September 20, 2005
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As Hurricane Katrina bore down on the Gulf Coast soldiers from the Louisiana and Mississippi National Guard watched the progress of the storm with great interest. Unfortunately for them it was not from an operations center somewhere in their respective states. Instead they were 10,000 miles away in Iraq trying to obtain any scrap of information they could about their homes and families caught in the path of the Katrina's massive destructive force.
The moment Katrina hit Louisiana, thirty-five percent of that state's National Guard troops were deployed in Iraq. In Mississippi, ground zero for the storm, nearly 40 percent of the National Guard troops were in the Middle East. Indisputably it had an effect on the readiness of the disaster-afflicted region to quickly respond with the home team. Even Army National Guard cheerleader Lt. General H. Steven Blum, Chief of the Army's National Guard Bureau, (Above) couldn't dance around that question. When asked if the deployments of these National Guard units had a negative impact on the initial response, Blum admitted, "Had those brigades been at home and not in Iraq, their expertise and capabilities could have been brought to bear".
Duh! With a combined total of over 6,000 National Guard soldiers deployed overseas from the two most impacted states, clearly initial relief and recovery efforts suffered immeasurably as a result. Instead of saddling up for the emergency, or seeking out insurgents in Iraq, the men and women from the Mississippi and Louisiana National Guard were riveted to televisions sets in Iraq wondering about their families.
During the initial hours of the disaster Lt. Colonel Jordan Jones of the Louisiana National Guard told the press, "They're all watching TV and some have seen their neighborhoods completely submerged in water." The mesmerized soldiers held their collective breath while more information trickled in via the Internet and from the American Red Cross for those troopers not lucky enough to have access to a television set, according to LARNG First Sergeant Errol Williams.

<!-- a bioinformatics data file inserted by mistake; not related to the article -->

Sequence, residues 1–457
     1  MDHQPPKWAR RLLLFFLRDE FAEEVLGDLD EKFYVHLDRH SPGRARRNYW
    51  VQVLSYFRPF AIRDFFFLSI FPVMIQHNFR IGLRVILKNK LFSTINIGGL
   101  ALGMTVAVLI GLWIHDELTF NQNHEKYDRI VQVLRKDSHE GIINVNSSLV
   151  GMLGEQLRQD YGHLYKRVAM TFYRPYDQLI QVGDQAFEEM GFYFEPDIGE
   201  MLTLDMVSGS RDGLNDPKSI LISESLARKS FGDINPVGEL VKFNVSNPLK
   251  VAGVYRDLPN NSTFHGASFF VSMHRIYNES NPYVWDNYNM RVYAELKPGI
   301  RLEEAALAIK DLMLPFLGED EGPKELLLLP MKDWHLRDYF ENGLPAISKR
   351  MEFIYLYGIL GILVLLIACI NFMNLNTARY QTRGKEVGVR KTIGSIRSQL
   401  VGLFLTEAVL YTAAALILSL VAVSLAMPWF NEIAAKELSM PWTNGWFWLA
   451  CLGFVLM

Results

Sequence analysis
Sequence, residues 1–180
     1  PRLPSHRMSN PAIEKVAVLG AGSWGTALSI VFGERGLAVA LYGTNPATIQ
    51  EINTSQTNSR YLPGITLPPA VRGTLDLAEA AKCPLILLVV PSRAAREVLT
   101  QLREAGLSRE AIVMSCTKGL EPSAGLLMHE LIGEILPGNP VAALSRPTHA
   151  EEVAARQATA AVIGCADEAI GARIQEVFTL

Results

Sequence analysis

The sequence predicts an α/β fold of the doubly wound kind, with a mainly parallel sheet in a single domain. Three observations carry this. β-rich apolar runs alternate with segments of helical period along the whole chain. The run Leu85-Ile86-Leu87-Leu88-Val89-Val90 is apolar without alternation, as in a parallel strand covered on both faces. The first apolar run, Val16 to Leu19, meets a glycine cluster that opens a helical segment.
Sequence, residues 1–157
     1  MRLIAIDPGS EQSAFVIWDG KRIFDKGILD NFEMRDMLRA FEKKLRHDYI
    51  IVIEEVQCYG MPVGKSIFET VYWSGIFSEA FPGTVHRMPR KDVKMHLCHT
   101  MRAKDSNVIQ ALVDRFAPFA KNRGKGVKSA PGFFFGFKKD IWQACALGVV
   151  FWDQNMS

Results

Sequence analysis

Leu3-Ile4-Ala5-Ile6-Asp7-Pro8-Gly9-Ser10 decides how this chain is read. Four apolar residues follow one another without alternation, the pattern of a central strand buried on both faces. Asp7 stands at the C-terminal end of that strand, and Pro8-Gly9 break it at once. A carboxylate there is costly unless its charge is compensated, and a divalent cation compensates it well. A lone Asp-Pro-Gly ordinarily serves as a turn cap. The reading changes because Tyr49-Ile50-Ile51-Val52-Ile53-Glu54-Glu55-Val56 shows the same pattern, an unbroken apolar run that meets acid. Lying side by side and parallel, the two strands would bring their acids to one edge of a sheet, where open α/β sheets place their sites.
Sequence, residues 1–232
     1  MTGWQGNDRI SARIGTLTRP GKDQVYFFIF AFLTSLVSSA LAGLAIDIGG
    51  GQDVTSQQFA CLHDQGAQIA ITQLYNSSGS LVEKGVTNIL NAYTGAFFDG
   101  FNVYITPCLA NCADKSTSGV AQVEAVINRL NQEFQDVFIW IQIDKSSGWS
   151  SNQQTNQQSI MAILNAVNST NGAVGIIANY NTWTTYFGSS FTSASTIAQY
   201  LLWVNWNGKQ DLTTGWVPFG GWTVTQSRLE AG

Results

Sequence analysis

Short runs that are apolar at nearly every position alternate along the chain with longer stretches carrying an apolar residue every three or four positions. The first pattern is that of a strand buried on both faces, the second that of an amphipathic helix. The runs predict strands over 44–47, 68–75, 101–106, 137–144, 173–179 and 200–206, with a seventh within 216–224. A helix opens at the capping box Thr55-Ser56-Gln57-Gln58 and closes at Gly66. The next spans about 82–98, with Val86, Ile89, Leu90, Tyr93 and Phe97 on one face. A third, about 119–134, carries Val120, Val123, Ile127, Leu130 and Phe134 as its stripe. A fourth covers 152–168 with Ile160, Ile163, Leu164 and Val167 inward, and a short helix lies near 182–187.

The 256th Infantry Brigade Combat Team (L.: 256th BCT Unit Insignia) of the Louisiana National Guard was already preparing to return home when Katrina made landfall. Last Friday Army Brig. Gen. John P. Basilica, 256th Brigade Combat Team commander, announced from Baghdad his soldiers had already started the redeployment process when Katrina slammed ashore. Coincidently, they had been previously scheduled to return stateside at that time anyway since their one year tour of duty participating in Operation Iraqi Freedom was over.
The Louisiana Guardsmen's lukewarm response to joining the relief effort when they returned to their devastated state is indicative of just how burned out the Army National Guard has become enduring multiple deployments and multiple missions. Less than half of Louisiana 's deployed troopers said they were willing to join the relief effort when they returned home. An informal poll of the 2,500 soldiers in the unit showed that about 800 are interested in continuing their service, 1,500 want to return to civilian life, and 200 were undecided, Basilica said. Their flight from the 256 th will leave the brigade combat ineffective, another victim of non-hostile causes in the Global War on Terror.
About 500 soldiers from the 256th were directly affected by the hurricane, Basilica noted last week. These soldiers were sent home first, and the Army and Defense Department are providing unprecedented levels of support for those and other soldiers affected by the catastrophe, Basilica said.
Members of the Mississippi National Guard's 155 th Brigade Combat Team (L: Unit Crest 155 BCT) find themselves in a much different situation. Out of the 3,300 troops in the unit, only a mere 80 have been granted emergency leave since the hurricane devastated the coast of Mississippi. MSARNG officials reported. The unit is not due to re-deploy stateside until early next year and there is no plan to let then leave before their tour is scheduled to end, Army officials announced. Chances are the Louisiana unit would have been in the same situation if they had deployed on a different time table.